The Corner

America’s Bloated Colleges

Paul Campos, a law professor at the University of Colarado, Boulder, argues that contrary to popular belief, it is not in fact the case that declining public expenditures on higher education that are driving rising tuition. He points to other factors, including the “constant expansion of university administration.” But why do we see so much administrative bloat? Is it because of the costs associated with regulatory compliance? Is it because administrators are offering a wide array of valuable support services that a less affluent, more diverse student population requires, or more expensive amenities to attract fee-paying students? Or is it all of the above?

In December of 2012, Douglas Belkin and Scott Thurm of the Wall Street Journal reported on the growth in nonclassroom costs at the University of Minnesota, and the results were sobering. The most striking thing about the spending at the University of Minnesota is how absent-minded it all seems. Belkin and Thurm write that “[f]or decades, public universities were somewhat insulated from financial rigor by steadily increasing state funding,” which is if anything an understatement. As the economy recovers, however, we can expect that the mild turn towards “austerity” will be reversed. Why? Because the growth of administrative payrolls translates directly into the growth of political power. The more administrators, the more voters whose livelihood depends on higher education funding. Andrew Kelly of AEI has made this point on numerous occasions. Students, meanwhile, are socialized into the belief that their universities are the good guys, fighting the good fight against skinflints who want to impose spending discipline out of greed, narrow-mindedness, or an indifference to the interests of young people. It’s a neat little business model, and it will take a lot to do something about it.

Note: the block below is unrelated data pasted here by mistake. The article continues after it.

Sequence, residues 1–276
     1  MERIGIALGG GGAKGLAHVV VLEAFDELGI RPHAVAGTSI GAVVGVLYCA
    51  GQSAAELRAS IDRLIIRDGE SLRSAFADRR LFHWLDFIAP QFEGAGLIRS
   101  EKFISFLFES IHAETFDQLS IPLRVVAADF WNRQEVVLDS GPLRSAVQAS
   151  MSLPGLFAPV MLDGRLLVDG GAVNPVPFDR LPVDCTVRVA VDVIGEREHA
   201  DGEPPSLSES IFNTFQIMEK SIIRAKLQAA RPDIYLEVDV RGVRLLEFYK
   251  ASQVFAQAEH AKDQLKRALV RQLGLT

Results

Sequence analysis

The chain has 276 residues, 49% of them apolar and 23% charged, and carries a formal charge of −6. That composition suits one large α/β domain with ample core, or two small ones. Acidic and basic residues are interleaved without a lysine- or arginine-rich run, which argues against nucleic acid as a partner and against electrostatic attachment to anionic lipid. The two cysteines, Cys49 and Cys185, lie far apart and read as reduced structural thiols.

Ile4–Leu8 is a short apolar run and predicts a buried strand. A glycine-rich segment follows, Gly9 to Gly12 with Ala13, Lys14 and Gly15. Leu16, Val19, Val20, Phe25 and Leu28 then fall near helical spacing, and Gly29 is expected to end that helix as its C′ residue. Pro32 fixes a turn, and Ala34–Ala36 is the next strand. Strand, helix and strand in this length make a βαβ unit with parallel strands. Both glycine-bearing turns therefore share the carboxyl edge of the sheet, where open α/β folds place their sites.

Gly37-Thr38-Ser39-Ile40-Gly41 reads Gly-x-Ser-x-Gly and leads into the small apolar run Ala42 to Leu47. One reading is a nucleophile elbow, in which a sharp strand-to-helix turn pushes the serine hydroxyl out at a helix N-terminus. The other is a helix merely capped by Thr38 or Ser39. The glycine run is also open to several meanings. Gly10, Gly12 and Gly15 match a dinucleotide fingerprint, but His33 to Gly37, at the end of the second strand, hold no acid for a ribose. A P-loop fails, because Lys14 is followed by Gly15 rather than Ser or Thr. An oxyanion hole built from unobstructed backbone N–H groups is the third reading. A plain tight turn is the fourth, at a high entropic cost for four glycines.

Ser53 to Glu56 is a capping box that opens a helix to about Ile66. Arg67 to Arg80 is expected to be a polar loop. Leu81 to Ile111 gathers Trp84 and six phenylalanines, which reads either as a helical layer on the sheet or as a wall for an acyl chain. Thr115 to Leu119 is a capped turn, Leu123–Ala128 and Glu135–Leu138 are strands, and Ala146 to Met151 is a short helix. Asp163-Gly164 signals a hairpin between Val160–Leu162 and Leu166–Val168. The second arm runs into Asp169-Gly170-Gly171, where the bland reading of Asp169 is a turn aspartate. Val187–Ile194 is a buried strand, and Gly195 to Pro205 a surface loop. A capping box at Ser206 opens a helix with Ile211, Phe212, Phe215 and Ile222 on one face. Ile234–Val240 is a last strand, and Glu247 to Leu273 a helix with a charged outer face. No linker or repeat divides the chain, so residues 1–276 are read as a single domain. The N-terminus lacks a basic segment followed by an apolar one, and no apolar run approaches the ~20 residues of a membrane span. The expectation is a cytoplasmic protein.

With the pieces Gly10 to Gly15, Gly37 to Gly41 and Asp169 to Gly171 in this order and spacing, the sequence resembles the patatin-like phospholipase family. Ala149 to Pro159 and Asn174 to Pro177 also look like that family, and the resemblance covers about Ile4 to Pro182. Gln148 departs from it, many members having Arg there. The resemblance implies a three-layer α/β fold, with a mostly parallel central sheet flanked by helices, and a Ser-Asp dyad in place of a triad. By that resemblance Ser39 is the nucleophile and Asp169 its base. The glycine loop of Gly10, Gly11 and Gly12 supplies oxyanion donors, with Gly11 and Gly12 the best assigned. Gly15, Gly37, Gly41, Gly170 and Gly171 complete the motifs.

Fortunately, it seems that Americans are growing more skeptical of the claims made by the higher-ed industrial complex, and that creates an opening. In “A Real Education Market,” Kelly outlined steps for how we could make higher education in America more cost-effective and more responsive to the interests of students and taxpayers alike. Others, including Richard Vedder of Ohio University, have offered thoughts on how we might rethink financial aid. And it seems that some elected officials, like Sen. Lamar Alexander (R., Tenn.), are willing to push at least some of these ideas forward. Call me crazy, but I’m cautiously optimistic. 

Reihan Salam — Reihan Salam is executive editor of National Review and a National Review Institute policy fellow.

Most Popular

Politics & Policy

Broward’s Cowards

It is impossible to imagine circumstances under which Broward County sheriff Scott Israel could attempt to perform his duties with the confidence of the public. He should resign immediately, and if, as he promises, he refuses to go quietly, then he should be shown the door by the people he professes to ... Read More

Courage: The Greatest of Virtues

EDITOR’S NOTE: The following is Jonah Goldberg’s weekly “news”letter, the G-File. Subscribe here to get the G-File delivered to your inbox on Fridays. Dear Reader (Or Listener), As the reporter assigned the job of writing the article about all of Sidney Blumenthal’s friends and supporters told his ... Read More

My American Dream

This morning, at 8 a.m., I did something I’ve wanted to do for as long as I can remember: I became an American. I first applied for a visa in early 2011, and since then I have slowly worked my way through the system — first as a visa-holder, then as a permanent resident (green card), and, finally, as a ... Read More
Politics & Policy

CNN’s Shameful Town Hall

CNN recently hosted an anti-gun town hall featuring a number of grieving children and parents from Stoneman Douglas High School in Parkland, Fla., who aimed their ire at the National Rifle Association, politicians peripherally associated with the NRA, and anyone who didn’t say exactly what they wanted to hear. ... Read More

The Gun-Control Debate Could Break America

Last night, the nation witnessed what looked a lot like an extended version of the famous “two minutes hate” from George Orwell’s novel 1984. During a CNN town hall on gun control, a furious crowd of Americans jeered at two conservatives, Marco Rubio and Dana Loesch, who stood in defense of the Second ... Read More